His jumper improved massively, zooming up to 38.4 percent on catch-and-shoots. (While his pull-ups were solid to start the year, they fell off as the year continued.) But the shooting helped so much of his game. Teams closed out far more against him — short closeouts became a tiny portion of the closeouts he saw, by far the lowest of his career. And he punished short closeouts when he got them, happily drilling his shots. That opened up driving lanes, made everything easier for him and his teammates.

Behind so many improvements on the offensive end, Barnes didn’t just improve his initiation in the pick and roll. He set a career high for efficiency when receiving handoffs, when initiating in the post, when using an off-ball screen. It wasn’t that he improved in one area. It was that he improved in virtually all of them. That’s a sign of his micro skills taking leaps across the board.

Especially when you consider he played with different (and, let’s be honest, offensively less threatening) teammates as the year went on, and in a different system. When Barnes played alongside Siakam and OG Anunoby, Toronto had a net rating of plus-3.7. When he played alongside RJ Barrett and Jakob Poeltl, it was plus-5.7. It isn’t necessarily easy to play with Barnes, because he’s so unique, but he’s generally going to figure out how to make it work.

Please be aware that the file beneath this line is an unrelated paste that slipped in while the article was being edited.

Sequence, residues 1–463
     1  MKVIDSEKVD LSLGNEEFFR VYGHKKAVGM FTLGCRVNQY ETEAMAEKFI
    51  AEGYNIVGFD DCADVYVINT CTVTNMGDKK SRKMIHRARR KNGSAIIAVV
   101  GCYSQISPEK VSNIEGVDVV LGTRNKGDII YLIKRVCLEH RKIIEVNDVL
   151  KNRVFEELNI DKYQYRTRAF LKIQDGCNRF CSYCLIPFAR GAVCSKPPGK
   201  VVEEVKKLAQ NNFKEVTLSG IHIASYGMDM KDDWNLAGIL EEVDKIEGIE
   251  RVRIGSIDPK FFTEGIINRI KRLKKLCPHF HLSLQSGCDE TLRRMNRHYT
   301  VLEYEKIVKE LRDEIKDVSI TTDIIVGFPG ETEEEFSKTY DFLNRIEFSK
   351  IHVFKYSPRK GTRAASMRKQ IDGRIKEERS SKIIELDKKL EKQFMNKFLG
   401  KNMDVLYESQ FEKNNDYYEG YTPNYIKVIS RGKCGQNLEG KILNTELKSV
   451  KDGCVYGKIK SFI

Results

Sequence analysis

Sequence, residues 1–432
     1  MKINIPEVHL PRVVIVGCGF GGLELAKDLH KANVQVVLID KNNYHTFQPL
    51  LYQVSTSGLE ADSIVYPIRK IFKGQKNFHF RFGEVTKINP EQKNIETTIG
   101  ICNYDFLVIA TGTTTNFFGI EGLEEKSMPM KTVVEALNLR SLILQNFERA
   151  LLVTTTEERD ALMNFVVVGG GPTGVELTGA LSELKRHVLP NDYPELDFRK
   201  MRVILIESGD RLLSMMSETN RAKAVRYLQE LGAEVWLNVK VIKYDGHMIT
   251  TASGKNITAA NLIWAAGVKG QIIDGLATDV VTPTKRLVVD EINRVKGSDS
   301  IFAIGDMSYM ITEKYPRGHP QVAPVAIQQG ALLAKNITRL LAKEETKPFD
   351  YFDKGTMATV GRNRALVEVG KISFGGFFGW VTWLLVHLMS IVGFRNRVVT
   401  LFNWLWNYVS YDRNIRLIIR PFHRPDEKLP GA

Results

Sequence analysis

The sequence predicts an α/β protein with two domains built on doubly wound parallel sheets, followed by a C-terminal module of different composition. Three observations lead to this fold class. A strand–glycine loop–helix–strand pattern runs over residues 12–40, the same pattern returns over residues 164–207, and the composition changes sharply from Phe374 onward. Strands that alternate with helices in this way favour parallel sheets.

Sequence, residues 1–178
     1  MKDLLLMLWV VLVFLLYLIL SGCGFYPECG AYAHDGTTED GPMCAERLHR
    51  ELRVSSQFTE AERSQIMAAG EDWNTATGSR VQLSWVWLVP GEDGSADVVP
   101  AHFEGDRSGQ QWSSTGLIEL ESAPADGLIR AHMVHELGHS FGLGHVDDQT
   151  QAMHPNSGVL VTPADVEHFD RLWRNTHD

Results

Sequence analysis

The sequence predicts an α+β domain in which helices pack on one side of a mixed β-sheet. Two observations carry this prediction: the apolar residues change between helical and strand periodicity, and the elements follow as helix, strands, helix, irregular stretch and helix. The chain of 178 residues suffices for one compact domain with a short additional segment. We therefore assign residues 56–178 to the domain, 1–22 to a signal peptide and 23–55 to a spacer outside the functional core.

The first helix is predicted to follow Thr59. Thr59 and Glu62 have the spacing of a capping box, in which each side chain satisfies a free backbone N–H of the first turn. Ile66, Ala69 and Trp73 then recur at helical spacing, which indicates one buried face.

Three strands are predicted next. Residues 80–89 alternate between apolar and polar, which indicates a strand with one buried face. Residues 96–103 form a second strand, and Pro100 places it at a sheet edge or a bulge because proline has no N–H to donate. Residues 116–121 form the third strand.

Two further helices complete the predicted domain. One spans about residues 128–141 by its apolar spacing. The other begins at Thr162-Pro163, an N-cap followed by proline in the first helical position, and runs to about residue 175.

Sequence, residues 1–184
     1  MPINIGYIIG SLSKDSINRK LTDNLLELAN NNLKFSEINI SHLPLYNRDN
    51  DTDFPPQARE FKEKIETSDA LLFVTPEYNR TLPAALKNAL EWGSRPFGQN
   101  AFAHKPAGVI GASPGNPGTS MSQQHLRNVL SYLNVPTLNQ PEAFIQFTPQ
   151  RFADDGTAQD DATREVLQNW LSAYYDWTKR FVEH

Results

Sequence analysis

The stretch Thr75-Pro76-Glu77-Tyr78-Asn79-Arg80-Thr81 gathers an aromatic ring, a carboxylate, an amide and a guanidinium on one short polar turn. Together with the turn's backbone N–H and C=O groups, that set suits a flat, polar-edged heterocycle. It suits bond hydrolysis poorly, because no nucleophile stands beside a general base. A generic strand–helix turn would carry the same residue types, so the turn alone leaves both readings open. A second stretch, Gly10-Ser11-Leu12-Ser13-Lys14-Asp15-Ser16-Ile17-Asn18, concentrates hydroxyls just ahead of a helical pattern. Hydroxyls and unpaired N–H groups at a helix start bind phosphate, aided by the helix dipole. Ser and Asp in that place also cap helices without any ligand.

Defensively, Barnes arguably didn’t have a plus year in his first two seasons. He put together stretches, for sure. But the consistency (and consistency of role) wasn’t there. In 2023-24 he became the back-line helper rather than the ball stopper above the break, and it was hugely beneficial for Barnes. He covers the floor so well, and is so fantastic above the rim, that he was able to impact plays that very, very few humans could. His 1.3 steals and 1.5 blocks were game have only been matched or passed by 52 other players in NBA history over a single season, and none since Anthony Davis in 2020-2021.

Toronto allowed 1.00 points per chance when defending all picks. It was 1.04 when Barnes defended the ballhandler. But when Barnes was deeper in the paint, it was better. 0.97 when Barnes defended the screener. And when Barnes tagged the pick, it was only 0.96. The further Barnes was in the paint, the better. And his 7.4 contested shots per game from within 6 feet led the league among non-centers. He is now a defender capable of winning moments, possessions, games, seasons. On top of the offense.

In a way, Toronto traded its entire 2023-24 season for Barnes’ development. And a new core of foundational players, of course. But that was secondary. Barnes is making the trade of season for self worth it.

Barnes just put together a top-five season among young Raptors in franchise history. (Based on BPM among players in their first three seasons, only Vince Carter, Tracy McGrady, and Jose Calderon (!) surpassed him.) And he’s so far from done. Toronto finally rosters a team built in Barnes’ image. Barnes surely has much to improve on, and he’s only just starting to realize his ability to impact the floor. But at this point in his career, he’s ahead of schedule. He, more than anything, made 2023-24 bearable for someone who watched Raptors games. And from the team-building perspective, he made the year a success. A year that saw Jontay Porter banned for life, the Knicks sue the Raptors, half the team traded away, and more, Barnes made the year a success. No matter what he does next year, the year after, ever again, that will be hard to top.